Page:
Ikram Douini, Mohamed Mounir, Ismail Mansouri et al.
Urban landscapes are richer in bird species when compared to farming lands: evidence from Morocco (Northwest Africa)
Urban expansion leads to modifications of habitat features, organization, and resources. Bird assemblages are known to respond by escaping destructive changes and adapting to sustainable ones. In this study, we investigated for the first time the avian diversity and its variation following the rural-urban gradient in Beni Mellal (Morocco) from 2018 to 2021. We used the line-transect method and multivariate analysis to demonstrate the selection of breeding habitats. Our result revealed a total of 84 species divided into resident breeders (64.28%), passage migrants (17.85%), breeding migrants (26.19%), winter visitors (32.18%) and accidental visitors (1.19%). Two globally vulnerable species counting the European Turtle Dove Streptopelia turtur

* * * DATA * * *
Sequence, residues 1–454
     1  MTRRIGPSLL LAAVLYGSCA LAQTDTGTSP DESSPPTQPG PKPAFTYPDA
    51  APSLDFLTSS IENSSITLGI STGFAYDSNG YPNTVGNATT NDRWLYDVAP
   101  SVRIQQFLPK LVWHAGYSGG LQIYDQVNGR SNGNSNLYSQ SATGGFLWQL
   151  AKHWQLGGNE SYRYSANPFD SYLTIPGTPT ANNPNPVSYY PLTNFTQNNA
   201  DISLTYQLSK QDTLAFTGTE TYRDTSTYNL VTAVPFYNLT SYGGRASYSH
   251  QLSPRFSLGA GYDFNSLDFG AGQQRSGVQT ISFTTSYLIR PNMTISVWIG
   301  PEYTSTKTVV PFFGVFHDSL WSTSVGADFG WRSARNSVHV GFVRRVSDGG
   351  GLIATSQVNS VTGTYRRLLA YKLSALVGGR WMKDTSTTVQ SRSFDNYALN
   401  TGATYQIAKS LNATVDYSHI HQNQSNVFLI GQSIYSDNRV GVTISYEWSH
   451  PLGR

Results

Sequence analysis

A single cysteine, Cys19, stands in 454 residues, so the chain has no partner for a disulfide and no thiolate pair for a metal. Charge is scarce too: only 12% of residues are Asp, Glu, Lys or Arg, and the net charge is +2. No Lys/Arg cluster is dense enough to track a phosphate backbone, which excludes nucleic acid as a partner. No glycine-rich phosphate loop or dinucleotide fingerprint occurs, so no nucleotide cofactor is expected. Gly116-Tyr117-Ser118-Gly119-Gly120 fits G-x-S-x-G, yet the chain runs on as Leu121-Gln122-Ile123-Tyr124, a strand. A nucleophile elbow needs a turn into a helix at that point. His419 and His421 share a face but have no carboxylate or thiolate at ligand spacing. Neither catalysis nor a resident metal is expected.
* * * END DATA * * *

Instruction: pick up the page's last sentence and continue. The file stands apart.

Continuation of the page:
and the European Goldfinch Carduelis carduelis
were recorded. Breeding populations were concentrated in green spaces (9 species) located in the urban zone, compared with farmlands (7 species), peri-urban (3 species), and rural areas (3 species). Therefore, these results reverse the hypothesis that rural and farming lands are more species-rich because of a higher population size. This is due to the abundance of breeding and foraging resources in urban green spaces compared to arid lands surrounding cities in this North African area. Furthermore, our study provides a new opportunity for comparative studies of avian diversity in Morocco and Northwest Africa. Doi https://doi.org/10.35513/21658005.2022.2.2 Keywords
Avian diversity; richness; rural-urban gradient; Beni Mellal